If you use a drug that is not insulin and you look for changes in secondary, unnecessary, irrelevant and probably absent markers for fat gain, in that case do not dare to say you are not trying to deceive.

For example, in this experiment, with the same energy intake and the same levels of physical activity, injecting insulin produced body fat accumulation.



Have Guyenet and Hall demonstrated that this experiment, the one I am referring to, is wrong, because what happens in it is impossible? Not at all.

This one must be also wrong: the mice injected with insulin consumed less food, but finished the experiment with a percentage of body fat that was 65% higher than in those mice that were injected saline.



Or this one, in which with the same energy intake, the more insulin injected the more body fat accumulated:



And we have an epidemic of poorly done studies, because in this one at 12 months the group injected with insulin had a body fat 4.2 times greater than the other, with no differences in energy intake.


There are also experiments in humans in which while the caloric intake was reduced, body fat increased, in people who were injected insulin (see).

And insulin is not the only physiological factor that can cause increased body fat without increased intake: example, example, example, example, example.

I do not want to explain further here the experiments. The links lead to blog entries where you can check their details. I go on.

4. It is false that there must be effects in the terms of the energy balance

It is not true that if a physiological factor directly produces body fat accumulation, we must detect effects on the energy intake and energy expenditure terms of the energy balance equation. The energy balance of the adipose tissue is NOT the energy balance of the whole body (see,see).

For example, in these experiments a hormonal change caused body fat gain, without the concurrence of an increase in the energy intake. I mentioned above experiments with insulin injection where we find the same. The fact that there is no increase in the caloric intake does not mean that there has been no fat gain, or in other words, to gain fat does not imply that the caloric intake has to be changed.

For example, it is possible to lose body fat while muscle mass is increased, or just the opposite (see,see), a situation in which there is not necessarily a cahnge in the difference between energy intake and energy expenditure. And yet there is fat gain!! In this experiment the mice that gained more body fat were those that gained less weight, which shows that is nonsense to think that an increase in the size of the fat tissue must be accompanied by an increase in the caloric intake and a reduction in the energy expenditure.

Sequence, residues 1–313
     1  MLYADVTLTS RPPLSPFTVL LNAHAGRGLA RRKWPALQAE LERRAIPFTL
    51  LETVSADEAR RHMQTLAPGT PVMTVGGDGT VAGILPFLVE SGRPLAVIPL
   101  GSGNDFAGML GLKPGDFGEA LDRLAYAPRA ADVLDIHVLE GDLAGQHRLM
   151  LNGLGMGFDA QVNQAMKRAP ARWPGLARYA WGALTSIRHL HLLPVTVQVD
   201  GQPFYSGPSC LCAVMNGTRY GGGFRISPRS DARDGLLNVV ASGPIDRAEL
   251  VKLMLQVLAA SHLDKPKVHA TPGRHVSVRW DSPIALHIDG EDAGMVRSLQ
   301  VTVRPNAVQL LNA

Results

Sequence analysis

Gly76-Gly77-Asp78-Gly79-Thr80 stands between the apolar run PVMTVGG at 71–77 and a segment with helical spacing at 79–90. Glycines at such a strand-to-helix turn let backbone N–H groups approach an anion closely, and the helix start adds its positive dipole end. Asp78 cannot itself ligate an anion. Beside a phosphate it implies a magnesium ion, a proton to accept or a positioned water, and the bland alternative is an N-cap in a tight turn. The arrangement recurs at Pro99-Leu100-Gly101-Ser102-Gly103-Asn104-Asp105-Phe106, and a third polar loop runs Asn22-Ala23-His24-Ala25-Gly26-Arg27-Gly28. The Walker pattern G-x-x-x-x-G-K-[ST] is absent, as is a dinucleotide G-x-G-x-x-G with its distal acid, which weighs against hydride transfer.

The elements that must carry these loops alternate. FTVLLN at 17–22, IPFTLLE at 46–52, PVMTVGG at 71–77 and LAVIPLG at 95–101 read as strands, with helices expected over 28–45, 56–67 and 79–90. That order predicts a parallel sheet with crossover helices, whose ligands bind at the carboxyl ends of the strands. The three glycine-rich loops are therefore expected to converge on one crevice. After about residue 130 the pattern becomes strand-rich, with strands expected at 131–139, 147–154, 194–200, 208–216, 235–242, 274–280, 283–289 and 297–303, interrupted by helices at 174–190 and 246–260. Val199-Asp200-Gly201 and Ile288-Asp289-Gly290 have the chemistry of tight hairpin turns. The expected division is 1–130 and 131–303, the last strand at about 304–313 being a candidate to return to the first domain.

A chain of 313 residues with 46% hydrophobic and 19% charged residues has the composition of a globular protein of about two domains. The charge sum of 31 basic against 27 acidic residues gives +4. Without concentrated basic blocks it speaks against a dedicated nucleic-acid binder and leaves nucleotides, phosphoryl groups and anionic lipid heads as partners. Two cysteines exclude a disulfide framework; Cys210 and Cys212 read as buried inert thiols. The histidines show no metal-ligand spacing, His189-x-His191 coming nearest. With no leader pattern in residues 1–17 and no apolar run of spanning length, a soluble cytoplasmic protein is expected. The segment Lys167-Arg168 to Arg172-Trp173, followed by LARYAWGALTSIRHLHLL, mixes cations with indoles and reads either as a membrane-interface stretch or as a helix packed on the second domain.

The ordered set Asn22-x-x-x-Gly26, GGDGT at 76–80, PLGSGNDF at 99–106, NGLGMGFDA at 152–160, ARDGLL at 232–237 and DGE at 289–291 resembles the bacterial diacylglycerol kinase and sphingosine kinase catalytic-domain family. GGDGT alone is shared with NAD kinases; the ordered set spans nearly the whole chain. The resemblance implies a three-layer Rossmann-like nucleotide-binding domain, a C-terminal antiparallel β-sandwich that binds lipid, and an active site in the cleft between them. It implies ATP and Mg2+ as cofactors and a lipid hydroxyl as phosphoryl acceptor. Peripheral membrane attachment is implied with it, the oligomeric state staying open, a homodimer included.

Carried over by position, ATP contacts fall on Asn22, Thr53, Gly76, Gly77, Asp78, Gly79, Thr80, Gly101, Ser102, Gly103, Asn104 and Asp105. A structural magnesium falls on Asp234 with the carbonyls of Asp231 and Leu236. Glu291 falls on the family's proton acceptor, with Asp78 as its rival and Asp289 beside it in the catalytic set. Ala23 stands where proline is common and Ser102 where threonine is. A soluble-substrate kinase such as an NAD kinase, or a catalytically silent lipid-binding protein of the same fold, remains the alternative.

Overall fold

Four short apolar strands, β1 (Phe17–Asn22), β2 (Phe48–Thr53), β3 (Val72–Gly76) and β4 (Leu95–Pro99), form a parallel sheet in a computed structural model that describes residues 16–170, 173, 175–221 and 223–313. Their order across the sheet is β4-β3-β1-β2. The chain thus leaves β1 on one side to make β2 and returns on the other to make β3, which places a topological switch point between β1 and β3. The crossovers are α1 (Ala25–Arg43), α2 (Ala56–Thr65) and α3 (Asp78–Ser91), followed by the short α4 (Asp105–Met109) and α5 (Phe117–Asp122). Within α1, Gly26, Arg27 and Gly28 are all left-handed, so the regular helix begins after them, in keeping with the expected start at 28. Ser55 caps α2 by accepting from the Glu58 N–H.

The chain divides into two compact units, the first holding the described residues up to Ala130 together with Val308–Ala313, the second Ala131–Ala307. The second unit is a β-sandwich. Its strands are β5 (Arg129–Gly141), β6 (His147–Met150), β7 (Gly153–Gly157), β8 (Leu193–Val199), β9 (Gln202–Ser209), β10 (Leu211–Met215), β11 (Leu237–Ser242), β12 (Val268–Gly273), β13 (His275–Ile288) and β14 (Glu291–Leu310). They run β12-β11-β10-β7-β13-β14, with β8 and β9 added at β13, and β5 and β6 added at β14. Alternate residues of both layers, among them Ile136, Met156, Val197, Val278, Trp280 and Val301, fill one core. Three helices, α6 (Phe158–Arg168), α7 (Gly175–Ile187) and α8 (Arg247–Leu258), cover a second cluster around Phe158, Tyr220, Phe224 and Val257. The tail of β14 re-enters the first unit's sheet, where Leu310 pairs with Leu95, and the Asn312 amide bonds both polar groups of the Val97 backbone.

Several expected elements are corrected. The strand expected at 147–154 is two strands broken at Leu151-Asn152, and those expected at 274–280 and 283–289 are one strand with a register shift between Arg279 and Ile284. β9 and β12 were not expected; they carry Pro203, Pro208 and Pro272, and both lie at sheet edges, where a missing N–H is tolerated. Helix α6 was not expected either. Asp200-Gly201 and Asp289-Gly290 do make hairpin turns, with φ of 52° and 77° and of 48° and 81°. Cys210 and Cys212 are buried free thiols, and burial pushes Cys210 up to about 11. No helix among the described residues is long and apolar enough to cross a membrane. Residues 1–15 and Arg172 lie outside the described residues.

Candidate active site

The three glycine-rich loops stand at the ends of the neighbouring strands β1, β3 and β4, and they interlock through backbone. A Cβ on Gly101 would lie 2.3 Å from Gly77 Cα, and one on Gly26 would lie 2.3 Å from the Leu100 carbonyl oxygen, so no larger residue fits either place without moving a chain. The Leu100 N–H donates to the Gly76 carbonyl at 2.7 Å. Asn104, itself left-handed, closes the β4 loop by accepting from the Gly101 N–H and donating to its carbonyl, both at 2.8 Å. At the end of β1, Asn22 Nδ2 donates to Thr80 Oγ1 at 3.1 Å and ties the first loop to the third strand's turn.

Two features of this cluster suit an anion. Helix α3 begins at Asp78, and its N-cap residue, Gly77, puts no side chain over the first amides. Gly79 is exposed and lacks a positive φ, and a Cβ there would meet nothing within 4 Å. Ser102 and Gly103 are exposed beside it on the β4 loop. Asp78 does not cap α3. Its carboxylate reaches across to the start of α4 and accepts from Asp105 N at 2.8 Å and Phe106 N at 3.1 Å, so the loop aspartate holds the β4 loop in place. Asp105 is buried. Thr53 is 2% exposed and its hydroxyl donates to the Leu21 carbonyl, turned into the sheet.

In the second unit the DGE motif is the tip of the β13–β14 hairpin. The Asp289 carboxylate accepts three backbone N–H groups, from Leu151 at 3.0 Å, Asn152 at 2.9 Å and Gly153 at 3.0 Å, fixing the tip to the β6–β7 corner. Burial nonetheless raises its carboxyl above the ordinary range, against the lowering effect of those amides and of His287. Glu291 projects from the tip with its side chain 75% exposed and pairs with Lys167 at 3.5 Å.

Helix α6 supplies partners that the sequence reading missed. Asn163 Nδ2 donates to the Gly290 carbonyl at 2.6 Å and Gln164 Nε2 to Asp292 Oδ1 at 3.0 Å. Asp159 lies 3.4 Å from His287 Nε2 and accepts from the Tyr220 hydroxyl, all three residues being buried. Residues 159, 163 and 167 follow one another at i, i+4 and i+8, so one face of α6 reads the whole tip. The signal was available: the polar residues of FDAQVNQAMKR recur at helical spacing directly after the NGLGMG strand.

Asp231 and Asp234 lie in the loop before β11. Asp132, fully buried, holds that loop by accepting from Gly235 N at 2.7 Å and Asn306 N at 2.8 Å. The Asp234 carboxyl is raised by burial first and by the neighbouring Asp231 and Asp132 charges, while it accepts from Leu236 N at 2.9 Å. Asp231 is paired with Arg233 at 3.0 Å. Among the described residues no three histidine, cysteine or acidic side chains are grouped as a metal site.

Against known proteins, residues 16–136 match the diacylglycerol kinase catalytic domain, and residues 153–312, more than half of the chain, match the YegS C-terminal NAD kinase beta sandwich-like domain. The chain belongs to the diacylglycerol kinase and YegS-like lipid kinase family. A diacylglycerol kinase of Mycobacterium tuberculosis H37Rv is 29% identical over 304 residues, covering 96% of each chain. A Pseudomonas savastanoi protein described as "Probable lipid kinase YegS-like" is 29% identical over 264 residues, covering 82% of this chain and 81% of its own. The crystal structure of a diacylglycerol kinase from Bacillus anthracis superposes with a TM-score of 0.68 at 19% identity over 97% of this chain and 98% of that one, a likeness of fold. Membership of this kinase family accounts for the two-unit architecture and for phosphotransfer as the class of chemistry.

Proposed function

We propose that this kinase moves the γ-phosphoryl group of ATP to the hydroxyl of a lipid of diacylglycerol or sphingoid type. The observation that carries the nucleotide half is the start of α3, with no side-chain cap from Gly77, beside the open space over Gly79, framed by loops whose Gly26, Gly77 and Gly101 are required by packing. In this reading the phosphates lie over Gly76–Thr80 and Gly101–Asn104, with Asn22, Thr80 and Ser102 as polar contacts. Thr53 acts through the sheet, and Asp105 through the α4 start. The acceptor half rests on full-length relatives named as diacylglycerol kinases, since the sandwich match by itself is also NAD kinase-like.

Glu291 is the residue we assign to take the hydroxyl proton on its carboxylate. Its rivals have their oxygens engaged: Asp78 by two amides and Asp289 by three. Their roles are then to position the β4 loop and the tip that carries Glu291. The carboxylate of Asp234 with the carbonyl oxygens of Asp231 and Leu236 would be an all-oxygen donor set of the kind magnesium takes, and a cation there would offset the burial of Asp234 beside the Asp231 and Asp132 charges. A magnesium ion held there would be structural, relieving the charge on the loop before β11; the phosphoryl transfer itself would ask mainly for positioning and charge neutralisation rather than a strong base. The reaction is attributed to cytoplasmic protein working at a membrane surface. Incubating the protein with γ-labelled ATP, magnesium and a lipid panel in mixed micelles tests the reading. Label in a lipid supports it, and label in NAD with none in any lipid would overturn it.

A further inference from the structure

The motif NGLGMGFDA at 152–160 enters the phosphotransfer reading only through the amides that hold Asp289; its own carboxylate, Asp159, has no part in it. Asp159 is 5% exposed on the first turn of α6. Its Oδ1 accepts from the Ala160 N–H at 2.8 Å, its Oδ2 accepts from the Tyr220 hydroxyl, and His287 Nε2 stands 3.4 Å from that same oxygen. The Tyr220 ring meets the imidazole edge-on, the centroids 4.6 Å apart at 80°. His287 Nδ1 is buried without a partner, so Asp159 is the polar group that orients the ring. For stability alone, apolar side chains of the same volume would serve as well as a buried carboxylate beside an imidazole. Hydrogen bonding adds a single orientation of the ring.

Another example: in ventromedial hypothalamus lesions, body fat can accumulate without changes in the body weight or in the caloric intake (see).

It’s not true, because as I said,

the energy balance of the adipose tissue is NOT the energy balance of the whole body

Everyone understands this, except, apparently, Hall and Guyenet.

5. Do we apply this criterion to other energy accumulations in tissues?

Do you think it is possible for your liver to accumulate body fat due to physiological causes that are not related to the energy balance terms, for example due to the presence of sugar and fructose in the diet? (see) Do you think that the accumulation of energy in the liver is caused by an energy intake that exceeds your energy expenditure, because Hall and Guyenet have demonstrated it must be so? So, do you think it is possible to accumulate fat in the liver due to physiological causes not related to the whole body’s energy balance equation?

Do you think that not measuring changes in the energy intake or in the energy expenditure while accumulating fat in the liver (I’m not saying that the body weight changes) would show that the cause of the fatty liver cannot be physiological? Note that not measuring it does not mean that they the changes do not exist, just that they are not seen.

How are connected the accumulation of fat in the liver and the terms of the energy balance equation for the whole body? What are the physiological mechanisms that link them?

Are they really arguing that there cannot be physiologic causes for the accumulation of body fat in a tissue? A bad argument that is used only because someone doesn’t want to back down is called an ad-hoc argument. They cannot defend their argument, but that fact has not prevented them from using to advance their agenda.

Let’s talk about anabolic steroids. They make muscle mass grow (see). Do they work through a direct physiological/hormonal action in the muscle tissue, or is that impossible, as Hall and Guyenet have demonstrated, because our body would not know how to manage having a few grams less of metabolites, the ones used in that growth? Is the increase in the energy accumulated in the tissuemediated by changes in the terms of the whole body’s energy balance, or are the terms of the whole body’s energy balance irrelevant in the growth of the tissue? If the only thing anabolic steroids do is to increase the appetite and make us sedentary, can we achieve the same results just by eating more and moving less?

6. It is false that it has to happen. Other reasons

Kevin Hall says that an excess of just one gram of fat in our food intake explains the current obesity epidemic (30 kJ /d = 7.2 kcal/d):

A small persistent average daily energy imbalance gap between intake and expenditure of about 30 kJ per day underlies the observed average weight gain (source)